You may be in a position where you have multiple network adapters assigned to your Windows 10 workstation. You may need to connect to multiple physical network segments via Layer 2 instead of having your traffic routed. Things get tricky however when you assign multiple network adapters to a Windows 10 machine. With multiple paths to the destination, Windows needs to be able to decide how to get there and which path to take.
No Easy GUI in Windows 10 for Network Adapter Order
If you recall in legacy operating systems, there was a GUI interface where you could click the “Up” or “Down” arrow to move an adapter connection up or down which related to the priority of the connections. However, Windows 10 does not include this GUI to do this. There are other ways to do this, with the GUI as well as with PowerShell that we will take a look at.
Both methods, GUI and PowerShell have you manipulate the metric value of the interface connections. Metric values are commonly associated with the cost of a network connection. Generally, the lower the metric associated with a connection, it means the connection is preferred over a connection with a higher metric.
Going off this concept, with Windows 10, you can adjust the Windows 10 network adapter order configuration by changing the metric value associated with each connection. By increasing or lowering the metric associated with each network adapter, you effectively move the adapter up or down in the list of preferred connections.
Now that we have a background of the process and the theory of how this works, we can take a look at the process for adjusting the Windows 10 network adapter order.
Windows 10 Network Adapter Order Configuration
As mentioned, we will look at a couple of different ways that the network adapter order can be adjusted. It includes the following:
- GUI Advanced TCP/IP settings
First, let’s see where the metric value is located in the Advanced TCP/IP settings.
Advanced TCP/IP settings
It is not a setting that is readily obvious for most when looking at the properties of your network connections, however, there is a metric checkbox found in the Advanced TCP/IP settings. Navigate to the properties of your network connection that you want to start with. Click to highlight Internet Protocol Version 4 (TCP/IPv4) and then click the Properties button.
Select the Advanced button at the bottom lower right.
Now, you will see the Automatic metric checkbox. It will be selected by default. Uncheck the automatic metric checkbox and enter the metric value you want to assign.
As an example, if you have (3) network adapters or connections configured in Windows 10, and you want them in a specific order, you would do that by assigning the metric values similar to the following. As you can see, it has nothing to do with the number of the adapter, only the metric.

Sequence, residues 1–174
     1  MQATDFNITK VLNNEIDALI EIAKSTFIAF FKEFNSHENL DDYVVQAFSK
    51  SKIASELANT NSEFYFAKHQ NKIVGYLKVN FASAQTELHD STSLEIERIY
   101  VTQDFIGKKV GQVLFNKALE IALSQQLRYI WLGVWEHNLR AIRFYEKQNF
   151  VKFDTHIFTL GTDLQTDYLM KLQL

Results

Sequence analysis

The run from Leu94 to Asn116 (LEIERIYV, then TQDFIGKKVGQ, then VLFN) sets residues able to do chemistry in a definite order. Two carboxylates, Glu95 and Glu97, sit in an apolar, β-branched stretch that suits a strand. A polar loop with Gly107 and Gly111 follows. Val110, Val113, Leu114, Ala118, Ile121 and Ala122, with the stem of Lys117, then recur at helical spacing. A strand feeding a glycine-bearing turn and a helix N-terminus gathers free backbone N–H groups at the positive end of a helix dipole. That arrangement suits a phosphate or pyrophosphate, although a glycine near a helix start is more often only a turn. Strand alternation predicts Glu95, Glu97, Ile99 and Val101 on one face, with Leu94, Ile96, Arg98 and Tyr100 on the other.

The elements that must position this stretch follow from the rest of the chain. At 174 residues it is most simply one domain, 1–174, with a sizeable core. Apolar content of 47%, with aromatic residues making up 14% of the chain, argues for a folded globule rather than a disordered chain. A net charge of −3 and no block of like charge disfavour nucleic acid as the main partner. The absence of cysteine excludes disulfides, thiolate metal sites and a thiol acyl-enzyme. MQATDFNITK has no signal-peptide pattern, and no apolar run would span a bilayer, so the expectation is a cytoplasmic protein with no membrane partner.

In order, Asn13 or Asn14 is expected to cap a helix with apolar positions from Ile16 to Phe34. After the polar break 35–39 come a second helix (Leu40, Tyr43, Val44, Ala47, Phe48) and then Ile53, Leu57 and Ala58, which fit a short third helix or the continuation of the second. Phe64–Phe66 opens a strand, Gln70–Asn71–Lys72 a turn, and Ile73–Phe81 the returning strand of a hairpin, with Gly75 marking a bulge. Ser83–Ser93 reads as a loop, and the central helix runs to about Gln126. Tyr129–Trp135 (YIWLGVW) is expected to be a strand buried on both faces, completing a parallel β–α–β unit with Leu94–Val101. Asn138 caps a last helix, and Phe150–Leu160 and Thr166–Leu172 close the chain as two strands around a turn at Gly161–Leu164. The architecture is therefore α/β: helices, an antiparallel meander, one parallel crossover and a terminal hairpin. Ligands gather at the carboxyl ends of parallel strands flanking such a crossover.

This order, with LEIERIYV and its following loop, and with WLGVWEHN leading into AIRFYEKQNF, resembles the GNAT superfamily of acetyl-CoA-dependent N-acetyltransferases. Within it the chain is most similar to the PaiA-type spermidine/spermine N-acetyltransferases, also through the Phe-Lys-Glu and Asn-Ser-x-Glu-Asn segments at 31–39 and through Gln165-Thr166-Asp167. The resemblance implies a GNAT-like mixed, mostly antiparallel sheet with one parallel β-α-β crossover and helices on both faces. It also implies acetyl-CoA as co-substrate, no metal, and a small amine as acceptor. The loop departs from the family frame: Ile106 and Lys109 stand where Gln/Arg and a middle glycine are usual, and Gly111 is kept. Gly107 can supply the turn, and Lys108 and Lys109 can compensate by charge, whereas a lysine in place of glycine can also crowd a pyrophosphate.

- Network Adapter #2 – metric 5
- Network Adapter #3 – metric 10
- Network Adapter #1 – metric 15
Powershell to configure Windows 10 Adapter Order
Using Powershell, you can easily view the interface metrics currently assigned to your adapters. To change the interface metric using PowerShell, you need to take note of the interface index column and the metric column.
Use the following command to assign a different metric to a particular interface, replacing with your specific values for ifIndex and InterfaceMetric:
Set-NetIPInterface -InterfaceIndex 37 -InterfaceMetric 10
Adjusting Route Metrics in Windows 10 after changing adapter order
I have still seen issues from time to time with how traffic is routed, regardless of setting the interface metric. If you find that after you set your Windows 10 adapter order that traffic is still not being routed correctly, you may need to look at your route table. Take note of the following output. Note how I have two routes that can get to 0.0.0.0/0 or the default gateway. What if I want 10.1.149.1 to be the preferred route? As you see below, it has a higher metric than the 192.168.1.1 route. This means traffic will be routed to the default gateway of 192.168.1.1 instead of the preferred 10.1.149.1. To affect this, we need to change the route metric.
There is a great little freeware tool that allows doing this easily. It is called NetrouteView. it is freely downloaded from the link here: NetRouteView – Network Route Utility for Windows (nirsoft.net)
You can also use PowerShell to change Windows routes and route metrics. The Set-NetRoute command allows changing various properties of your Windows routes, including route metrics.
If you have multiple physical or virtual adapters on your Windows 10 machine, you may need to change your Windows 10 network adapter order. As shown this is easily accomplished using the network properties GUI as well as PowerShell. Keep in mind that route metrics may also need to be adjusted to get the right traffic flow, even after you set your adapter order.